High cholesterol: Cramp in five areas of the body can signal a build-up in the arteries

High cholesterol: Cramp in five areas of the body can signal a build-up in the arteries


High cholesterol: Nutritionist reveals top prevention tips

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High cholesterol could be described as an “invisible killer” because it paves the way to serious health problems without throwing out obvious signs. However, a build-up of the waxy substance can lead to a number of complications that do present symptoms. Peripheral artery disease (PAD) is a cholesterol-related complication that can present acute warning signs.

Peripheral Artery Disease is a disease whereby plaque such as cholesterol builds up in the arteries that carry blood to your head, organs, and limbs.

According to the University of California San Francisco’s Department of Surgery, symptoms may include cramping in the affected leg(s) and in the buttocks, thighs, calves, and feet, which may ease after resting.

Other signs and symptoms of PAD include:

  • Weak or absent pulses in the legs or feet
  • Sores or wounds on the toes, feet, or legs that heal slowly, poorly, or not at all
  • A pale or bluish colour to the skin
  • A lower temperature in one leg compared to the other leg
  • Poor nail growth on the toes and decreased hair growth on the legs
  • Erectile dysfunction, especially among men who have diabetes.

It’s worth noting that many people who have PAD don’t have any signs or symptoms.

Nonetheless, “you should see a GP if you experience recurring leg pain when exercising”, advises the NHS.

The health body continues: “If the GP suspects peripheral arterial disease (PAD), they’ll first carry out a physical examination of your legs.’

The GP will look for symptoms such as:

  • Shiny skin
  • Brittle toenails
  • Hair loss on your legs and feet
  • The pulse in your leg being very weak or undetectable
  • Leg ulcers.

“The GP may also ask about your personal and family medical histories,” adds the NHS.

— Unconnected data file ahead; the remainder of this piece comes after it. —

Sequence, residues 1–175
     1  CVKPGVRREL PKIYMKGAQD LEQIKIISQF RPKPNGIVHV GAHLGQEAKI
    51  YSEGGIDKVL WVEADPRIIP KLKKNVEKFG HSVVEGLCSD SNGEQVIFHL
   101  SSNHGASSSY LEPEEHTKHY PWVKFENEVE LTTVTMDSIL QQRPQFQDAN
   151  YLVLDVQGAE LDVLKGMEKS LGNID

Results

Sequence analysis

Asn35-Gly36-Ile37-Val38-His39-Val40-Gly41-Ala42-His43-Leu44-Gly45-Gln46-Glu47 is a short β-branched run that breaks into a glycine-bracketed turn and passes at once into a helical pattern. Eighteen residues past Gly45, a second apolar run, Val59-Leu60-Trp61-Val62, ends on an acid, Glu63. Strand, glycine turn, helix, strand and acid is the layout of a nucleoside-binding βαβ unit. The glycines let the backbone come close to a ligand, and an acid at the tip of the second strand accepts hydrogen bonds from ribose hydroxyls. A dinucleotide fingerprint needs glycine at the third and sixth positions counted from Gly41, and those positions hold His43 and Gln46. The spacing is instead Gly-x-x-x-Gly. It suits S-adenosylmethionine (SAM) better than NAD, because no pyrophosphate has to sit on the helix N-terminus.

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How to reduce your risk of PAD

To reduce your risk of PAD and other cholesterol related-complications, you should keep high cholesterol levels in check.

Diet offers a robust means of reducing high cholesterol levels.

There are several foods which are not just part of a healthy diet, they can actively help to lower your cholesterol too.

According to cholesterol charity Heart UK, the key is to cut down on saturated fat and replace some of it with unsaturated fats.

Best sources of unsaturated fat include:

  • Vegetable oils such as olive, sunflower, corn, rapeseed, nut and seed oils
  • Avocado, nuts and seeds
  • Fat spreads made from vegetable oils, such as sunflower and olive Oil
  • Oily fish.

“Oily fish are a good source of healthy unsaturated fats, specifically a type called omega-3 fats,” explains Heart UK.

According to the charity, you should aim to eat two portions of fish per week, at least one of which should be oily.

“A portion is 140g, but you could have two or three smaller portions throughout the week.”

Regular exercise can also deal a decisive blow to high cholesterol levels.

UK health guidelines say to aim for least 150 minutes (2.5 hours) of exercise a week.

Some good things to try when starting out include:

  • Walking – try to walk fast enough so your heart starts beating faster
  • Swimming
  • Cycling.

You can always try a few different exercises to find something you like doing. You’re more likely to keep doing it if you enjoy it.

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